Anoka-Hennepin Christian club accused of harassing non-religious students

Categories: Religion
Daniel Buschow.jpg
Daniel Buschow was accused of having influence on Christian student groups.
On the heels of the ground-breaking Anoka-Hennepin settlement with six bullied students, a parent is complaining of a new harassment issue in the district.

Melissa Thompson, the mother of a Blaine High School student, says she's been complaining that members of an after-school Christian group called "Catalyst" have been pressuring her child to join for months. Thompson says she identifies as Christian, but her child does not.

At first, the school principal and district administrators seemed to agree with Thompson that the group was overstepping its boundaries and took steps to limit its activity. That was met by a backlash from Christian students and their parents.

Melissa Thompson.jpg
Melissa Thompson speaking before the school board.
Thompson -- who asked that City Pages withhold her child's name to avoid further harassment in school -- first contacted a teacher about the issue via email in September 2011. In the email, Thompson said her child had been asked repeatedly to join Catalyst by the same student and that the student said "he'd spend his last day trying to make them believe in Jesus by showing up at their homes, or contacting them through facebook or getting their cell phone numbers."

"This student's comments go far beyond a simple acknowledgment of his faith or an answer to a question (both would be within his religious rights)," Thompson wrote. "He needs to be approached and asked to stop."

The teacher wrote back saying that she'd met with the school's administration over the incident. Nevertheless, Thompson said the Catalyst student continued to ask her child to the meetings almost every Tuesday.

While Thompson is the only parent coming forward publicly to complain about the group, another student posted a YouTube "rant" about Catalyst. The student says he's been "personally harassed by this group," told "countless times" to attend the meetings, and that he's "going to burn in hell for my sins." He characterizes the group as a "Christian conversion organization."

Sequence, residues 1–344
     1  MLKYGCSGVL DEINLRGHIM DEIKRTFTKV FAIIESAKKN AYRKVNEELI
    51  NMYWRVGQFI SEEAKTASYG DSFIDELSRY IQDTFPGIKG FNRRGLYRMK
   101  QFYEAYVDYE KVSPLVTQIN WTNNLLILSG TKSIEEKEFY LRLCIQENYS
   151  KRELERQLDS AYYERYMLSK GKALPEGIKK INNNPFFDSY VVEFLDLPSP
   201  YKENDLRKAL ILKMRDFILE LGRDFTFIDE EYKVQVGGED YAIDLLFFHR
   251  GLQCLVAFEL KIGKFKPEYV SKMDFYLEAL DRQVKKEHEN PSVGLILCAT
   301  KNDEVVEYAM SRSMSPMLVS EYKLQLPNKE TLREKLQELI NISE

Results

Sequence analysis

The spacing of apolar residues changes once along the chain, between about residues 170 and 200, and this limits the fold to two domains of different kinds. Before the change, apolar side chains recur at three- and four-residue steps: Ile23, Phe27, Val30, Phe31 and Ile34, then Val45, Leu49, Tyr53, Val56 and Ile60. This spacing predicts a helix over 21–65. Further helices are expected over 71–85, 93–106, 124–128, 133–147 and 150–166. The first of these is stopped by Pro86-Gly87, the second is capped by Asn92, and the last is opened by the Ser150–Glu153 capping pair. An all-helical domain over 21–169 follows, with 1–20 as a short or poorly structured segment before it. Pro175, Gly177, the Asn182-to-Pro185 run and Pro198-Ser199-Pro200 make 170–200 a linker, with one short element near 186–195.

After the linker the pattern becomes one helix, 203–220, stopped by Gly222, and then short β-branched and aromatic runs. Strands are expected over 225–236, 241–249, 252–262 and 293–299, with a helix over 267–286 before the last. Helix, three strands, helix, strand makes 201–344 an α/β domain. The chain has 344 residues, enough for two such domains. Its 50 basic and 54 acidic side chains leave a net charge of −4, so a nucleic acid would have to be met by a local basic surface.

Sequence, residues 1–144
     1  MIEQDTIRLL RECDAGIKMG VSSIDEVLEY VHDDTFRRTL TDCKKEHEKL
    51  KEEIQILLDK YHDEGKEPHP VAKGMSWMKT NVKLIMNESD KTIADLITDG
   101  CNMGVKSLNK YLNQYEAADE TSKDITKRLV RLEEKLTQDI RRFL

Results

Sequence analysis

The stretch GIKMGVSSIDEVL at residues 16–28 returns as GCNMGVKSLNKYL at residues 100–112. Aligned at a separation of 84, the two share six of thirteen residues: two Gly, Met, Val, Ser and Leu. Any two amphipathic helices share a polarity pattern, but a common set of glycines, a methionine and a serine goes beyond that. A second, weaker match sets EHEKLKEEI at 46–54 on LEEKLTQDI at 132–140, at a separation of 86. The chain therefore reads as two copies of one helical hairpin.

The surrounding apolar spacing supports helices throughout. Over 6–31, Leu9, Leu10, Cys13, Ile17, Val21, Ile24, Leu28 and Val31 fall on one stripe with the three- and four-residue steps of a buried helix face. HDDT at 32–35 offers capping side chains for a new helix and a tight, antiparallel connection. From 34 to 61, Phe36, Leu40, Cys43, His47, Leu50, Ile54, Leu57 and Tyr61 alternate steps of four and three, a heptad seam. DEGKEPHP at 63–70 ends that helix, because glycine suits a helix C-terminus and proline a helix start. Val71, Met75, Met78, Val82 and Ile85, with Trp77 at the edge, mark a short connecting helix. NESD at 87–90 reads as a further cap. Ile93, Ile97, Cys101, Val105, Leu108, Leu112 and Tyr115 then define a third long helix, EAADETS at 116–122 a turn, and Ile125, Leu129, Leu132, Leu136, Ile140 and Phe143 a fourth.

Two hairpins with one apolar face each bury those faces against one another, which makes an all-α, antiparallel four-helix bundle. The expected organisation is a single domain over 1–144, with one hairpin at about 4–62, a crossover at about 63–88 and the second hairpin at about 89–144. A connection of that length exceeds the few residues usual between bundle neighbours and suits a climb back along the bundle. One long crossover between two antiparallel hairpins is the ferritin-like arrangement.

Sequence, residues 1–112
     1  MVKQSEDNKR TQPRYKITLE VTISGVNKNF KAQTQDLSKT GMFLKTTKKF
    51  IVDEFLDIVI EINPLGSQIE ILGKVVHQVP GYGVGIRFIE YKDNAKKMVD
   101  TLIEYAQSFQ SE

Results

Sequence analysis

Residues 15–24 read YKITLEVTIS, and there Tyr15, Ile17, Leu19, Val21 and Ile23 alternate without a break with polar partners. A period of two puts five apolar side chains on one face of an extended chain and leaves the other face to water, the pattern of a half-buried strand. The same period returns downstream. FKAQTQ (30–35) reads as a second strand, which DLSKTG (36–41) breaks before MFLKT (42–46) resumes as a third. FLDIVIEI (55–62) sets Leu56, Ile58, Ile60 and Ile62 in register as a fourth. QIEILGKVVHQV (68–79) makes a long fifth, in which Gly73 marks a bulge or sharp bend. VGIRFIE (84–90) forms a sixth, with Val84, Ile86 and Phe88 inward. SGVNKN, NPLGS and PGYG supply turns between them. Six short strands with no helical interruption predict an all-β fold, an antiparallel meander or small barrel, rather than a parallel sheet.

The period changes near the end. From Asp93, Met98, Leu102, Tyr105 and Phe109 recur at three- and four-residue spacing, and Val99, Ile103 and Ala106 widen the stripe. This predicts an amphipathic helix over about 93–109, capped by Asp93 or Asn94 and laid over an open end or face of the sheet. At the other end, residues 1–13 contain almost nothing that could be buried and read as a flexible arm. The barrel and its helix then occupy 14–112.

Seven months after her initial complaint, Thompson sent another email to Blaine High School principal John Phelps, saying she was "absolutely shocked" by her own research into Catalyst.

Catalyst Square Logo.jpeg
According to Catalyst's website, the organization started in January last year as a Bible study group at Blaine, then expanded into five schools within Anoka-Hennepin. It identifies as "a campus movement led by high school students" and provides extensive training materials on how to start a Catalyst club in school. They produce some pretty high-quality videos, and give out doughnuts at their meetings before class.

Thompson became concerned after seeing that the website domain is actually owned by Daniel Buschow, the founder of an organization called Allies Ministry. According to Allies's website, its mission is to "build partnerships to reach and mentor the next generation by reaching every student, on every campus, in every community with the simple, yet life-changing message of knowing God in a personal way." Thompson provided the district with some of the literature from the Catalyst website and expressed concern that Buschow -- not students -- is actually leading the clubs, producing the literature, and paying for posters, food, and other activities. If this is true, the clubs would be in violation of the Equal Access Act, which permits religious clubs at school so long as they are "student-initiated" and that no one in the community "direct, conduct, control, or regularly attend meetings."

Allies does host a fundraising page for Catalyst on Razoo, and seems to claim it again here.

On April 4, Thompson received a letter back from the district.


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